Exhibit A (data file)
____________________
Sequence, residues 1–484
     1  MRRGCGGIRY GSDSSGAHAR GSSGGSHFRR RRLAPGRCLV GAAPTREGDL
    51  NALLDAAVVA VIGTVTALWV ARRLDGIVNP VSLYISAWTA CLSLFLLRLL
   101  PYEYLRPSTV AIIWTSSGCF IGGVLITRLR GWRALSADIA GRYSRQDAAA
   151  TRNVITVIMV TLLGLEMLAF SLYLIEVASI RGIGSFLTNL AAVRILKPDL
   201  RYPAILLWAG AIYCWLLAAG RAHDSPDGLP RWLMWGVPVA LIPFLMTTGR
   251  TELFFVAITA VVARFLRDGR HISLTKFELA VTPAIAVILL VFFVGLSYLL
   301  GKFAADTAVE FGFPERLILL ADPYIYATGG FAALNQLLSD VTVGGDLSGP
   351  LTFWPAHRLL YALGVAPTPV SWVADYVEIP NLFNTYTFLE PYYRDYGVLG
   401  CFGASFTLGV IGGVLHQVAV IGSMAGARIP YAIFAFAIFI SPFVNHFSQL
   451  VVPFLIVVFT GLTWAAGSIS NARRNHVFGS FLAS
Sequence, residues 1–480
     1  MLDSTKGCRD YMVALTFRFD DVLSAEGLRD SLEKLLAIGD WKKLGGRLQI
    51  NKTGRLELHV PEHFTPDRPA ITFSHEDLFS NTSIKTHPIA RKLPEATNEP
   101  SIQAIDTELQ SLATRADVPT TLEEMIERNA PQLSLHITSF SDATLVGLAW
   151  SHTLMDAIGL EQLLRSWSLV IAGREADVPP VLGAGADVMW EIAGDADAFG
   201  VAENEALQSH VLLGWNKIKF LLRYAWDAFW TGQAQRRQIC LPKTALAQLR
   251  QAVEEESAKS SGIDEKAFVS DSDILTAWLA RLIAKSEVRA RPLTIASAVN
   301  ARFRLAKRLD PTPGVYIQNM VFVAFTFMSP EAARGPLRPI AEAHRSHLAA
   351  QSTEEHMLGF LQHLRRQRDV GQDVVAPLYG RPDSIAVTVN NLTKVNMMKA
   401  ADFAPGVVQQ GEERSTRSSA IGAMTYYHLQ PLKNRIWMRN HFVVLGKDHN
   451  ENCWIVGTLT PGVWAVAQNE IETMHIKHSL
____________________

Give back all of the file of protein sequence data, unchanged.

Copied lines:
Sequence, residues 1–484
     1  MRRGCGGIRY GSDSSGAHAR GSSGGSHFRR RRLAPGRCLV GAAPTREGDL
    51  NALLDAAVVA VIGTVTALWV ARRLDGIVNP VSLYISAWTA CLSLFLLRLL
   101  PYEYLRPSTV AIIWTSSGCF IGGVLITRLR GWRALSADIA GRYSRQDAAA
   151  TRNVITVIMV TLLGLEMLAF SLYLIEVASI RGIGSFLTNL AAVRILKPDL
   201  RYPAILLWAG AIYCWLLAAG RAHDSPDGLP RWLMWGVPVA LIPFLMTTGR
   251  TELFFVAITA VVARFLRDGR HISLTKFELA VTPAIAVILL VFFVGLSYLL
   301  GKFAADTAVE FGFPERLILL ADPYIYATGG FAALNQLLSD VTVGGDLSGP
   351  LTFWPAHRLL YALGVAPTPV SWVADYVEIP NLFNTYTFLE PYYRDYGVLG
   401  CFGASFTLGV IGGVLHQVAV IGSMAGARIP YAIFAFAIFI SPFVNHFSQL
   451  VVPFLIVVFT GLTWAAGSIS NARRNHVFGS FLAS
Sequence, residues 1–480
     1  MLDSTKGCRD YMVALTFRFD DVLSAEGLRD SLEKLLAIGD WKKLGGRLQI
    51  NKTGRLELHV PEHFTPDRPA ITFSHEDLFS NTSIKTHPIA RKLPEATNEP
   101  SIQAIDTELQ SLATRADVPT TLEEMIERNA PQLSLHITSF SDATLVGLAW
   151  SHTLMDAIGL EQLLRSWSLV IAGREADVPP VLGAGADVMW EIAGDADAFG
   201  VAENEALQSH VLLGWNKIKF LLRYAWDAFW TGQAQRRQIC LPKTALAQLR
   251  QAVEEESAKS SGIDEKAFVS DSDILTAWLA RLIAKSEVRA RPLTIASAVN
   301  ARFRLAKRLD PTPGVYIQNM VFVAFTFMSP EAARGPLRPI AEAHRSHLAA
   351  QSTEEHMLGF LQHLRRQRDV GQDVVAPLYG RPDSIAVTVN NLTKVNMMKA
   401  ADFAPGVVQQ GEERSTRSSA IGAMTYYHLQ PLKNRIWMRN HFVVLGKDHN
   451  ENCWIVGTLT PGVWAVAQNE IETMHIKHSL